LONG BEACH ISLAND - The Oyster Farmers, a feature length documentary centering on coastal life in New Jersey, was officially released today, March 19 via Virgil Films.
Jetty decided to fund the film via its Jetty Rock Foundation, the 501(C)3 nonprofit arm of the brand, in 2016, but the ethos of the film truly begins with Superstorm Sandy.
Director Corinne Ruff was emotionally torn in 2013. The Long Beach Island Region had been dismantled by the historic hurricane leaving mounds of sand and wreckage everywhere. Ruff was focused on the Barnegat Bay though, with boats strewn, sunken debris and tackling water quality issues.
She dove into researching how the once prolific Eastern Oyster, an economic and cultural keystone, had been decimated. The world had been left with about 10% of its oyster reefs due to over-fishing and pollution, but where did the oysters go?
Families like the Maxwell’s & Parsons, both featured in the film, have worked the Jersey waters for the last 100 years. An oyster renaissance was imminent, as Matt Gregg and Scott Lennox (40 North, Barnegat Oyster Collective) infused the industry with a fresh approach to oyster farming. The dichotomy between them and the old school is presented throughout the film, but the community revolving around the water is the true ethos.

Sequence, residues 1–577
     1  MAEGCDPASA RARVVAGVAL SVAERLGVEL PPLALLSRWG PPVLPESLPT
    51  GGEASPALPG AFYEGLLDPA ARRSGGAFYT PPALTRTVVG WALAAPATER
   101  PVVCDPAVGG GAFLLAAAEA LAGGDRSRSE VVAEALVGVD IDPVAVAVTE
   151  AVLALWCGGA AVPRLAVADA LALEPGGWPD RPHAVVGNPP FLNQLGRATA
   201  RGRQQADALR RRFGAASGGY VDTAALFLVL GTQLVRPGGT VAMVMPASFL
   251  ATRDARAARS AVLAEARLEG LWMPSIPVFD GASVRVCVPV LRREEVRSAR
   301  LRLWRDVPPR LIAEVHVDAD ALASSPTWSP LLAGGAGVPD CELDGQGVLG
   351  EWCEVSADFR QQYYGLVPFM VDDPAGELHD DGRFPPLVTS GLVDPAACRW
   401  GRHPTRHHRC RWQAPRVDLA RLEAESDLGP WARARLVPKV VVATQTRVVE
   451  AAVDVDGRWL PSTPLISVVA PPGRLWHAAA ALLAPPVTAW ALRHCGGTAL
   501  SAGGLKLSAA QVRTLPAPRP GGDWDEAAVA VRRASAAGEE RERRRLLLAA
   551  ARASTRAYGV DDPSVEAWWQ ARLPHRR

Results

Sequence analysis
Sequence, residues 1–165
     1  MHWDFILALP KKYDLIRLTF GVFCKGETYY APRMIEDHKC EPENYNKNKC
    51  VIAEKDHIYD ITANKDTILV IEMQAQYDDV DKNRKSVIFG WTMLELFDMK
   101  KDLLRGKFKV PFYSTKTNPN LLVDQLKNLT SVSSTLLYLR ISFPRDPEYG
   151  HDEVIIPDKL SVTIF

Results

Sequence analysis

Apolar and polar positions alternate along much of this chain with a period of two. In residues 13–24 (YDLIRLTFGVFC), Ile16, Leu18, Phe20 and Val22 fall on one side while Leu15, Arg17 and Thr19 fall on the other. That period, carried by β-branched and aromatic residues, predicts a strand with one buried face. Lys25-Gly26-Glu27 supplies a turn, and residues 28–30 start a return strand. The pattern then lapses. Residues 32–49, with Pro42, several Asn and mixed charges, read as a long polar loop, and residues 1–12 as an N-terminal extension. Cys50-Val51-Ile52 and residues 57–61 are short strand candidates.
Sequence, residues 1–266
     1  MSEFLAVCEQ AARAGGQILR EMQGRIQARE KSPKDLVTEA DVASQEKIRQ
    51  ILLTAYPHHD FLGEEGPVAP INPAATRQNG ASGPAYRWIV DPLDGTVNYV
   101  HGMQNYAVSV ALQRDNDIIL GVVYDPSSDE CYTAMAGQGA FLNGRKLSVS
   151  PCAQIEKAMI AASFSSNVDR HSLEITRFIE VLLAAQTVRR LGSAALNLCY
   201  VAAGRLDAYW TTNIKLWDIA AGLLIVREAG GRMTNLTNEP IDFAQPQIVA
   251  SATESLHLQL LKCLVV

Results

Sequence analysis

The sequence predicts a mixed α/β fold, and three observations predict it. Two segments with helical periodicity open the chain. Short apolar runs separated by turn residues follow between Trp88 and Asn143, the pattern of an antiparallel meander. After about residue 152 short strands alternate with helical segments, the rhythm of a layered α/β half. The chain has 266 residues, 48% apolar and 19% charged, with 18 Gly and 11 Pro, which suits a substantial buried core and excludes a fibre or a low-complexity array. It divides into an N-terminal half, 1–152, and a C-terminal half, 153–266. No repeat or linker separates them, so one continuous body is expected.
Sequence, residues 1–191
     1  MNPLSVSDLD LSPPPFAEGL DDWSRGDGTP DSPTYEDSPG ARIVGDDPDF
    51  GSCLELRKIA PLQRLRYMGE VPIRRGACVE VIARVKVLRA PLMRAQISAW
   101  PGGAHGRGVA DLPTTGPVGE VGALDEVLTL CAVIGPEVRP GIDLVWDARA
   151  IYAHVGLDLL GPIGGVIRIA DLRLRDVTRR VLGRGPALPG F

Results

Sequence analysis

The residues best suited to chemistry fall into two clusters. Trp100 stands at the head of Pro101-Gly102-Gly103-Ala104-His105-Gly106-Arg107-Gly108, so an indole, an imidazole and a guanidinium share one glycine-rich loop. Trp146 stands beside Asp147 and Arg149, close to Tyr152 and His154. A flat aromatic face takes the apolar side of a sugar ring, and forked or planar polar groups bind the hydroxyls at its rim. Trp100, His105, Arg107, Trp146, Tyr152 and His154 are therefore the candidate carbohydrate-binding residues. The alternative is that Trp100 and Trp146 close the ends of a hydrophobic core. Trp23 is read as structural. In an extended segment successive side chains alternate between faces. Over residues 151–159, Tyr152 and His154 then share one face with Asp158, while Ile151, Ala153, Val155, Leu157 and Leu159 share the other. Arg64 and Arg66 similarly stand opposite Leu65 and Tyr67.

Jetty makes apparel for people that thrive in coastal communities and it made a lot of sense to fund a film through their nonprofit which focuses on environmental initiatives.
One oyster can filter up to 50 gallons of water per day - that fact alone was enough to draw the brand into an entirely new world with the intent to restore the special bivalves.
“We didn’t know a thing about oysters being little water filters. We grew up fishing and enjoying the Bay, but clams were more of the cornerstone. When we dove into this film we pretty much answered the call to action before the film was even screened,” said Jetty CEO Jeremy DeFilippis.
That call to action was to initiate an Oyster Recycling Program which puts shell back onto the bottom of the Bay. Oyster spat (“babies”) need a hard substrate to land and grow on (“home”). The naturally occurring spat in present day water columns have limited “housing options”.
The film aims to raise awareness of the lost oyster culture and to preserve the baymen heritage. Ruff initiated the local movement back in 2013 when she conceptualized the film and ran an “oyster soiree” event.
She partnered with Oak Leaf Films and brought in Angela Andersen as an environmental consultant and producer. Jetty rounded out the project with design, marketing and financing assistance. It has been screened regionally, at film festivals (it premiered at the Lighthouse International Film Festival in 2017), received several laurels and even reached venues in London and California.
A hard copy DVD is also available at select retailers as well as at Jettylife.com and in the Jetty Flagship Store. @TheJettyLife